The controller relies on you setting the encoder count in settings, and I would doubt if there is in any verification between the counts and the index pulse. There might be, but it's more likely to just show up as threading moves failing to start due to the lack of index pulse.

    If you were to have more than one index pulse per revolution, then it's likely to cause synchronisation problems. If the controller is relying on the index pulse to start a synchronised move, then if there are four index pulses per spindle revolution, odds are not good for success.


    I wouldn't worry about non-linearity problems on a lathe spindle. For basic turning, even if the spindle location varies by 10% over a revolution, it's going to have minimal effect on normal thread pitches. Even on a 2mm pitch thread, that's only potentially 0.2mm, which on a 2mm pitch thread, is neither here or there unless you're aiming for some kind of precision fit thread. A generic nut and bolt will likely have more play than 10% of pitch.
    Avoiding the rubbish customer service from AluminiumWarehouse since July '13.

  4. #24
    Quote Originally Posted by m_c View Post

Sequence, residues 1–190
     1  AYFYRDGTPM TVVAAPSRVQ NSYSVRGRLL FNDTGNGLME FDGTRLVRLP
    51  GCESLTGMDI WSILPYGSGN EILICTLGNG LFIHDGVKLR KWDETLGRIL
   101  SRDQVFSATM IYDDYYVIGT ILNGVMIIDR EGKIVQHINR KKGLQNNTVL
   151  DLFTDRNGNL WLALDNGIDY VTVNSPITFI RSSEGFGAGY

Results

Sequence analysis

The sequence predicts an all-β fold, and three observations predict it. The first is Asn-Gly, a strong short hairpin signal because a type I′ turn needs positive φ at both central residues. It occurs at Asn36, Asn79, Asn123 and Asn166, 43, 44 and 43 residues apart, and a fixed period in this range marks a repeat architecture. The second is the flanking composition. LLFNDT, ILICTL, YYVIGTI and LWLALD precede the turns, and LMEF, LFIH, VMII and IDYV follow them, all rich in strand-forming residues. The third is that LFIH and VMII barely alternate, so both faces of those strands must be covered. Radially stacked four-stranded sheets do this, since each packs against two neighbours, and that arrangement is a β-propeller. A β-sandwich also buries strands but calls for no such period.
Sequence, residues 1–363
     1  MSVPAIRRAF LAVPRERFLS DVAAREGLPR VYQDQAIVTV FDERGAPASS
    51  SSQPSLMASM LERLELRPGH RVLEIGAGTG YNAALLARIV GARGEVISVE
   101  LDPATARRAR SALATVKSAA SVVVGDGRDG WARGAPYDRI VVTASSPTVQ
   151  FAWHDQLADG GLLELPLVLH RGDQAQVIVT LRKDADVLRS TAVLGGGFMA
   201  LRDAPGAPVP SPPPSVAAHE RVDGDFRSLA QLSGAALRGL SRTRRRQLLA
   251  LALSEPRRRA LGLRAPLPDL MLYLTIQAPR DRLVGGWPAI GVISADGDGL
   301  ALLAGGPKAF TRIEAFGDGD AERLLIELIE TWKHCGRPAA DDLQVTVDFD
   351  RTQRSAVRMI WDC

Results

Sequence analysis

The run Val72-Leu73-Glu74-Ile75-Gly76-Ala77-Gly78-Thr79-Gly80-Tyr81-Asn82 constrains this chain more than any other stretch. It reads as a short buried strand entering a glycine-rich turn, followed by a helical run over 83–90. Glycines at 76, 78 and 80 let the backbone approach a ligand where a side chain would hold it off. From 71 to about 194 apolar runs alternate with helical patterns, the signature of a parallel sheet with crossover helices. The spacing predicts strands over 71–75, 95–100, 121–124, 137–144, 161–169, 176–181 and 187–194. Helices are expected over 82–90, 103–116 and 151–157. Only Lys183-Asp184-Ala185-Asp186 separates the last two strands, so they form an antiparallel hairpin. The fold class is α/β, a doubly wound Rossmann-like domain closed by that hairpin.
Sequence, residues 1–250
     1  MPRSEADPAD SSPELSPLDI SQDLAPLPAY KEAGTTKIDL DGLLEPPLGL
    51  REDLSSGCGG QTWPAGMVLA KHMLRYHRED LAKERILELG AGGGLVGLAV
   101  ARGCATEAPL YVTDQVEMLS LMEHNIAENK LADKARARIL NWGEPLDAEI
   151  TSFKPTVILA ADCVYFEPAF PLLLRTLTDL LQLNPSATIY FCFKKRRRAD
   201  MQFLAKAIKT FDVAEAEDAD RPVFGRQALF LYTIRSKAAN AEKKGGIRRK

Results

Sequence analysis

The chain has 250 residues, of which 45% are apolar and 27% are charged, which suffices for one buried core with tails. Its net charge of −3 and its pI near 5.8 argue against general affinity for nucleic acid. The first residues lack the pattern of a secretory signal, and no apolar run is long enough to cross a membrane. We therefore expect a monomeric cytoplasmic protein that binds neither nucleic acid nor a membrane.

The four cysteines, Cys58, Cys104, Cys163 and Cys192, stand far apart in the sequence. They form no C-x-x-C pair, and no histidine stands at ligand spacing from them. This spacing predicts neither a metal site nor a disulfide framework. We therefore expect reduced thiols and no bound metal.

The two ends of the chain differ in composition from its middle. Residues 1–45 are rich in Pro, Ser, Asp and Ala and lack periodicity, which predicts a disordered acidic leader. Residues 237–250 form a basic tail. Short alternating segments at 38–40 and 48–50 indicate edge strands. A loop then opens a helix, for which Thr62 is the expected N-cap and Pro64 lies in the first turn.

if there are four index pulses per spindle revolution, odds are not good for success.
    Yeah - I had been assuming that the rotations would be counted by a running pulse total i.e. (pulses/pulses per rev) but as you say it's entirely possible that the index is used to reset the position - this could have odd effects!

  5. #25
    m_c's Avatar
    Lives in East Lothian, United Kingdom. Last Activity: 2 Hours Ago Has been a member for 9-10 years. Has a total post count of 2,148. Received thanks 236 times, giving thanks to others 5 times.
    Quote Originally Posted by AdrianW View Post
    Yeah - I had been assuming that the rotations would be counted by a running pulse total i.e. (pulses/pulses per rev) but as you say it's entirely possible that the index is used to reset the position - this could have odd effects!
    It's something that the designers will know, but they don't always release the information, as it's not something you really need to know for implementation. You just need to know if an index pulse is needed or not.

    I know the KFlop continually counts the pulses and you don't need an index pulse, but it has a lot of the internal workings exposed so you can customise exactly what it does. If you don't have an index pulse, it relies on using wherever the encoder count started as the index point for spindle orientation. Even if you do add an index pulse, all it can do is reset the zero point to the index pulse location (or any offset you'd like).
    On my lathe, although I have the encoder index wired up, I only ever used it for confirming the encoder count when I was setting things up, it's never been used since.
    Avoiding the rubbish customer service from AluminiumWarehouse since July '13.